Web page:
Part three in a five-part series addressing Camden County's most pressing needs ahead of the August 2014 primary election.

It’s no secret: the Lake of the Ozarks is a major tourism area. Not only do thousands of people visit here for weekend getaways or extended vacations, but thousands are second homeowners who contribute to the local economies through sales taxes and property taxes.

Despite that windfall of visitors, the lake competes with the likes of Branson, Kansas City, St. Louis, Eureka Springs and other popular Midwestern destinations for tourists. Newspapers, the Internet, magazines and billboards across the state are rife with enticements to get you to visit.

It seems everybody’s slice of paradise is the best.

But what do local economic development officials serving the lake do to capture the attention — and ultimately the presence — of people to our lake?

Generally, it’s a collective effort with the Tri-County Lodging Association (TCLA) and the Convention and Visitor Bureau (CVB) leading the charge. But counties and communities are beginning to realize the benefit of a cooperative marketing effort as they juggle their budgets to include funds for marketing and promotion.

The TCLA is primarily involved in advertising and promoting the lake. It advertises in magazines, newspapers and on television and uses several avenues of social media including Google, Bing, Yahoo and Facebook. It financially supports special events and festivals, engages the services of a public relations firm, is active legislatively, conducts research, develops educational workshops and supports a two-person group sales staff.

The CVB attends sport and travel shows, produces the advertising creative messages for all TCLA advertising buys, prints, distributes and sends out a vacation guide, provides information to potential visitors, coordinates special events and festivals, manages 150,000 FUNLAKE social media followers and maintains the website.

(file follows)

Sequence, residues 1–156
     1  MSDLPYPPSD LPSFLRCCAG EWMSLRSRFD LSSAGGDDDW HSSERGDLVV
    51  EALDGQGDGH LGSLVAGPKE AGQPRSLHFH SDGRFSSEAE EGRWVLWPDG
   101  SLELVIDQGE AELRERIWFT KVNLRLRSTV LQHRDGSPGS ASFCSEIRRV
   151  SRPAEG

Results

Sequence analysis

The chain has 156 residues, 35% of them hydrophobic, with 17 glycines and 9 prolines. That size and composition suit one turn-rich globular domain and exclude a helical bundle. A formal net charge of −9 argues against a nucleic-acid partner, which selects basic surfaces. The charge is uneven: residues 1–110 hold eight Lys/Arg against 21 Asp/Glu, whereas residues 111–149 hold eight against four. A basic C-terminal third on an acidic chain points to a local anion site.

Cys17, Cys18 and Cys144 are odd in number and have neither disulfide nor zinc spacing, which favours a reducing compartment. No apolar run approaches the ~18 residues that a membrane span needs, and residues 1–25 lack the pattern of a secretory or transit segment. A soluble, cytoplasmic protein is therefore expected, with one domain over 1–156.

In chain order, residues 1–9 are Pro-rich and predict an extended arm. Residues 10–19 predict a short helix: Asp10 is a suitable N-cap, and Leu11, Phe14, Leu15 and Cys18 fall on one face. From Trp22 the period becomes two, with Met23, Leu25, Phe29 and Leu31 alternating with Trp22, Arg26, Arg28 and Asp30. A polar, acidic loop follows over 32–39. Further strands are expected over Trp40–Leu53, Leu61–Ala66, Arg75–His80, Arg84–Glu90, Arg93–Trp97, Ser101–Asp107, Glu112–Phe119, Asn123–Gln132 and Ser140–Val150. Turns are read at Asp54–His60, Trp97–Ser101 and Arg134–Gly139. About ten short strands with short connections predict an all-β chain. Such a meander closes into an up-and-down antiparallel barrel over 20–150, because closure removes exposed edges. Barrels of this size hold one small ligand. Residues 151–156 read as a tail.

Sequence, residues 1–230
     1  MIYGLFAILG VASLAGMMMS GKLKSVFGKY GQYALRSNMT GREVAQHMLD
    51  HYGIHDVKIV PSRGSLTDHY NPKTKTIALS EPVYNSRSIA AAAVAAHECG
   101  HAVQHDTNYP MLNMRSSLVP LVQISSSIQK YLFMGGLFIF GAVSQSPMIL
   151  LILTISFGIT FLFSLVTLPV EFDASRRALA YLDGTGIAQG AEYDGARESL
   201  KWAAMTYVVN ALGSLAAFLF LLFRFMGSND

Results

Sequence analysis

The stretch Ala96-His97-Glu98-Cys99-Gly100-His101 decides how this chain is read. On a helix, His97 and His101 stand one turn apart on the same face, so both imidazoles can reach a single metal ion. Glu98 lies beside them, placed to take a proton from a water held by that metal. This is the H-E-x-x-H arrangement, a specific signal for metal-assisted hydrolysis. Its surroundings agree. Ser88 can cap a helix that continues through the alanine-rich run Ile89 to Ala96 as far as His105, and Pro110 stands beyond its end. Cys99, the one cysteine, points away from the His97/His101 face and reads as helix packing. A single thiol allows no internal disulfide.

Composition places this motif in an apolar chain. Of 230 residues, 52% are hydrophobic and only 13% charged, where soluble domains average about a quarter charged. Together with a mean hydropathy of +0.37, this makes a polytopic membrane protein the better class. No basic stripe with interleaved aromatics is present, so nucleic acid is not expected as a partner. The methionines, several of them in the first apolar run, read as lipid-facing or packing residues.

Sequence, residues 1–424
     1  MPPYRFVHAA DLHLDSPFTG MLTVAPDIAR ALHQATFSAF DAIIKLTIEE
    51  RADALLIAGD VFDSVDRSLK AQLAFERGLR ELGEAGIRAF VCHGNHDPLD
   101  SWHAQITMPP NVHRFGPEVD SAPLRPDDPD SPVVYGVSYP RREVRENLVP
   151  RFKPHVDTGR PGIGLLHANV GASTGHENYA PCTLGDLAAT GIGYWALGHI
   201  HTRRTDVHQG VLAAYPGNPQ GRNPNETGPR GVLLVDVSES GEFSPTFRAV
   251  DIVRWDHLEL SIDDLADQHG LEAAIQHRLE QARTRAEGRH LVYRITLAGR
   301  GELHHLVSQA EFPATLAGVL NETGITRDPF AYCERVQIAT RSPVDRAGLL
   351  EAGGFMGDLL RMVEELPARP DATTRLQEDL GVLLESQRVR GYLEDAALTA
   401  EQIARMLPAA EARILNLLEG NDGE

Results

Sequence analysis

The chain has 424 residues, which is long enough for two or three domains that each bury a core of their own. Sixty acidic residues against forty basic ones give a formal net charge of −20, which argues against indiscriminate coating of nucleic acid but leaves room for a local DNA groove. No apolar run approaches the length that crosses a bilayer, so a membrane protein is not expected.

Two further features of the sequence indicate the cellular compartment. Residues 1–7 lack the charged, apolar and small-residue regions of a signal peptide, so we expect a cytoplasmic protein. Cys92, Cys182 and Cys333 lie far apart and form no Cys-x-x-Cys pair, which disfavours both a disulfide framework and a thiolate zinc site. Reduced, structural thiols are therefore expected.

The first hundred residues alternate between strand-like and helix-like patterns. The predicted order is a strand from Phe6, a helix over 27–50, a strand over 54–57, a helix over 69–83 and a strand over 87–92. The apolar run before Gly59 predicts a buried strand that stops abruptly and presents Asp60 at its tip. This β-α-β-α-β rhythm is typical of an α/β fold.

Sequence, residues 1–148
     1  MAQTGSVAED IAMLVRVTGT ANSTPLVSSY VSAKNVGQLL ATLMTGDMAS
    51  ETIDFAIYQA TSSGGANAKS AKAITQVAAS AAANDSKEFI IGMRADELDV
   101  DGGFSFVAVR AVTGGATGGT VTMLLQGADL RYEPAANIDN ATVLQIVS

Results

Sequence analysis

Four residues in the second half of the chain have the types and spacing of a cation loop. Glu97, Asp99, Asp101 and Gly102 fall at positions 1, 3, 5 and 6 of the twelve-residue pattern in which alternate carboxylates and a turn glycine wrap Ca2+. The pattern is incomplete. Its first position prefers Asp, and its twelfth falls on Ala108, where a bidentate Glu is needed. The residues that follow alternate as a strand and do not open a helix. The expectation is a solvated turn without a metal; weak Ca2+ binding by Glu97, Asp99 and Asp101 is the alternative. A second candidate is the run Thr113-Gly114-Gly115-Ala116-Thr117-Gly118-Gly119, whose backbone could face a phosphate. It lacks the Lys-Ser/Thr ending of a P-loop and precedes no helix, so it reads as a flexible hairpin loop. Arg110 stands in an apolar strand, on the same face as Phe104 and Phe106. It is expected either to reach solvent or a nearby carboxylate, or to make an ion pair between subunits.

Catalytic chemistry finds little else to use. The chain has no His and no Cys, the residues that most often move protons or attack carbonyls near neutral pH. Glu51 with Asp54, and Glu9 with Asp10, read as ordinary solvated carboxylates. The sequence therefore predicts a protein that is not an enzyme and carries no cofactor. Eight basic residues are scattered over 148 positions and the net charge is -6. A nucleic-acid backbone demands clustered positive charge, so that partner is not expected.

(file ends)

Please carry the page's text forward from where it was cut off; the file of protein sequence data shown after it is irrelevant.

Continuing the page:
To support the endeavors of the TCLA and CVB, a lodging tax is collected in Camden, Miller and Morgan counties.

“The trend in lodging tax has remained relatively flat in the $1.5 to $1.53 million range over the past five years,” TCLA Executive Director Jim Divincen said. “At the same time, the available lodging units have decreased.”

Camden County generates the bulk of the lodging tax revenue at 85.6 percent. Miller County collects 11.5 percent and Morgan County collects 3 percent.

The lodging tax rates in Camden and Morgan counties is 3 percent, and the rate in Morgan County is 5 percent.

The TCLA relies on lodging tax to promote and advertise the lake area, and the CVB generates revenue through memberships, its publication advertising revenue, the income and other revenue streams. A portion of the CVB budget is subsidized by the TCLA.

“In essence, the more visitors staying at our lodging facilities, the more funding the Advisory Board has to invest in advertising and promotional efforts,” Divincen said. “It’s important to note that the TCLA’s efforts to bring more visitors into the business districts generate revenues for all or almost all lake-area businesses.”